In last month's issue, our article The shrinking children's market, discussed the baby bust and the continuing depressed birth rate as well as KGOY, kids getting older younger. Both are shrinking the potential market size for children-oriented entertainment and edutainment projects.
However, there was some good news when we dug deeper into the data. Although the number of births was down by 8% between 2001 and 2014, a larger proportion of births were to college-educated mothers. In fact, the number of births by college-educated mothers has increased by 16% from 3.0 million in 2001 to 3.47 million in 2014.
When we look at women at the end of their childbearing years over the past 20 years, we find that although more women of all education levels have had children, the largest increase is among college-educated women.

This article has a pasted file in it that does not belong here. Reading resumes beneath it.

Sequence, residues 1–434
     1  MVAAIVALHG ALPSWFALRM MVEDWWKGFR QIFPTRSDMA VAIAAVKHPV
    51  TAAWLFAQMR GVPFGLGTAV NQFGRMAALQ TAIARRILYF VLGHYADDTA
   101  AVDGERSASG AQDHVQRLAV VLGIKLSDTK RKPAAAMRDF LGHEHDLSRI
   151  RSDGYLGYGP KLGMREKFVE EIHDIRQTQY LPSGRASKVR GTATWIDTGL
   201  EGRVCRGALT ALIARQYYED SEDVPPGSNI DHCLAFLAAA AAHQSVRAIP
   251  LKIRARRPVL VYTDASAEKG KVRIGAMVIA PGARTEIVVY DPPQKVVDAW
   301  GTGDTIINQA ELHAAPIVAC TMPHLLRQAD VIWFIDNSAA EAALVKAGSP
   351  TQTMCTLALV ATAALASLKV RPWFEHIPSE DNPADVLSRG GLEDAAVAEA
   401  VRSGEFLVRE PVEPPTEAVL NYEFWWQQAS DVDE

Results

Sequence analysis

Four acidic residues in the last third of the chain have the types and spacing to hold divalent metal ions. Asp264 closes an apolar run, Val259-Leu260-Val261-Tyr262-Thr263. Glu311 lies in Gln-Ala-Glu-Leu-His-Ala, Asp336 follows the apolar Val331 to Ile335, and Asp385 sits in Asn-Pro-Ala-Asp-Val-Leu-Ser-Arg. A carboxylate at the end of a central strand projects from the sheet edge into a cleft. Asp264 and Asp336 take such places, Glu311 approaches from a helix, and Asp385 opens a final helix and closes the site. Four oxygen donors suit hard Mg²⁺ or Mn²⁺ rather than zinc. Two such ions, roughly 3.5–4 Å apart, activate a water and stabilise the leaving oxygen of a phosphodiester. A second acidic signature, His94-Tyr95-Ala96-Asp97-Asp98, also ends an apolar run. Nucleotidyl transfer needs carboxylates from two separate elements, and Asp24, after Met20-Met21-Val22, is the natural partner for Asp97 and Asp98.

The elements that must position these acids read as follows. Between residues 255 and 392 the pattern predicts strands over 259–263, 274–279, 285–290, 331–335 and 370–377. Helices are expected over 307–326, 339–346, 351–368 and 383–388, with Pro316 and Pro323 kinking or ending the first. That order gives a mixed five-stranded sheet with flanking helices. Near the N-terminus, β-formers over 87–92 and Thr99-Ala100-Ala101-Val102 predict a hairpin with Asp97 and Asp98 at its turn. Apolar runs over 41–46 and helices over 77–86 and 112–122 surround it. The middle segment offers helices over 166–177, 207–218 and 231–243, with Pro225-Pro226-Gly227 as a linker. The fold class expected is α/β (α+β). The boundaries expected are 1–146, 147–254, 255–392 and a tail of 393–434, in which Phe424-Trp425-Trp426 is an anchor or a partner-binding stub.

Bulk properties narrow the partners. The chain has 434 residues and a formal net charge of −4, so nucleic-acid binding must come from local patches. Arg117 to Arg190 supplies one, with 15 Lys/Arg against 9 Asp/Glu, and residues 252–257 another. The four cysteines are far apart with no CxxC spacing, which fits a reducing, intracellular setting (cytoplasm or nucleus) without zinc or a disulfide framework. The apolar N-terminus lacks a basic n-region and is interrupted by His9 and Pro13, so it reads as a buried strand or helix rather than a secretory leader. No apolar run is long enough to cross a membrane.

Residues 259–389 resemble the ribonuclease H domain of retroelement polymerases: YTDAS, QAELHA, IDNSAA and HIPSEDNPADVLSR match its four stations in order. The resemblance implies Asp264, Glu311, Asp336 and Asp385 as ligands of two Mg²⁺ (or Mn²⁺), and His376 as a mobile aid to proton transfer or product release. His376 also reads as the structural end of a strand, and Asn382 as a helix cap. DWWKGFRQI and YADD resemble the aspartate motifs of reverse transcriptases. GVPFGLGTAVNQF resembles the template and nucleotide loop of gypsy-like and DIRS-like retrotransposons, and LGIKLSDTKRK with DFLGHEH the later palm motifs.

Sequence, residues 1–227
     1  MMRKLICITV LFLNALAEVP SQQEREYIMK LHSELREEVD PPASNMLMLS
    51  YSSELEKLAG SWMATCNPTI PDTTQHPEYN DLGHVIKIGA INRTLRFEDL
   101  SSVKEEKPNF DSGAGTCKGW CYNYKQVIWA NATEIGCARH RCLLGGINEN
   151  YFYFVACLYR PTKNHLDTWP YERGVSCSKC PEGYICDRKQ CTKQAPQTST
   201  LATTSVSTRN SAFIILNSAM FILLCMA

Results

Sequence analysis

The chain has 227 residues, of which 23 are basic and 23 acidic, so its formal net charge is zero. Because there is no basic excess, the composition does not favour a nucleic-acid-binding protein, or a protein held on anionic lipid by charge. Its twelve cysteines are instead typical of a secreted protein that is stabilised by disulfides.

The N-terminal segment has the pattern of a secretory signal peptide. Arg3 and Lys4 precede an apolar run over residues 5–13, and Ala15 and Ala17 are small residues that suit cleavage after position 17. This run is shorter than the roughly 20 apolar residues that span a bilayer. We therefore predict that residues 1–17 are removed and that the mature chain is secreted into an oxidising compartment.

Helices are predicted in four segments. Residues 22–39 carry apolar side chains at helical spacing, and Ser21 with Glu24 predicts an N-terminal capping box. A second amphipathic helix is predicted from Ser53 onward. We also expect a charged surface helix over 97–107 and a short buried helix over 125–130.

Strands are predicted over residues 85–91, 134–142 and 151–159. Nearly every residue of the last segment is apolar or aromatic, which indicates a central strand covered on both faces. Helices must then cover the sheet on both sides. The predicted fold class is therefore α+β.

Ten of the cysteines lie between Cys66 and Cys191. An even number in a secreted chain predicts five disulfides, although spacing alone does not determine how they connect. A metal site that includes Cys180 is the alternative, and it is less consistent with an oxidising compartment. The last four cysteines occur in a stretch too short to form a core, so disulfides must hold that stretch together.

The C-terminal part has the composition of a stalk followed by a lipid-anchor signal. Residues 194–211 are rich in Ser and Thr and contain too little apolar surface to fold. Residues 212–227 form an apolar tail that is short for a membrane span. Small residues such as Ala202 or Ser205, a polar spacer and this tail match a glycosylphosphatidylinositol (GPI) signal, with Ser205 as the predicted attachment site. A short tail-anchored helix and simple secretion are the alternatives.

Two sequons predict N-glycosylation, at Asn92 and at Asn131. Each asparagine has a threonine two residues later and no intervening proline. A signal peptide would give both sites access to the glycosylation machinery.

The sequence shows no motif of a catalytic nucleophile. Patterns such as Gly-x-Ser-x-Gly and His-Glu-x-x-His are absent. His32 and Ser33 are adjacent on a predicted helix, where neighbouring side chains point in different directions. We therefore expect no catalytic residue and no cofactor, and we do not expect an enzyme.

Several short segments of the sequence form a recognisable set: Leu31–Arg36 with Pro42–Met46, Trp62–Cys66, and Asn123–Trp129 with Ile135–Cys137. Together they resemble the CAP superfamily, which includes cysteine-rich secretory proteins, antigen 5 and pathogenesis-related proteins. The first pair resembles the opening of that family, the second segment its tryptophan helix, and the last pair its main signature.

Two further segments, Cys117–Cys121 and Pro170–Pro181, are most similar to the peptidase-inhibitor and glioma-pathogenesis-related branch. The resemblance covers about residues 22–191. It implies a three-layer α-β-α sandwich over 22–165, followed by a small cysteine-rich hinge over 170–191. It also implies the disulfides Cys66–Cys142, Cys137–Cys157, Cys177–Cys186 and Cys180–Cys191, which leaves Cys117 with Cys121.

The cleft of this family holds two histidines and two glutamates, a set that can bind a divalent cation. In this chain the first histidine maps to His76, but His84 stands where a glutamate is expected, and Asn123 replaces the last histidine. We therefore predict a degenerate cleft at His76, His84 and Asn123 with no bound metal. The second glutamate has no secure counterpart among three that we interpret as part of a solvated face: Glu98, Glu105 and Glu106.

What this means is that an increasing percent of children belong to higher socioeconomic families with higher incomes and greater discretionary spending.
Children's entertainment and edutainment centers are still feasible, even with the declining birth rate, provided they are located in markets with high concentrations of higher socioeconomic young families. This means that market feasibility now requires a much more detailed and refined analysis of a market area's demographics and socioeconomic lifestyles than in the past to assure a children's center is feasible.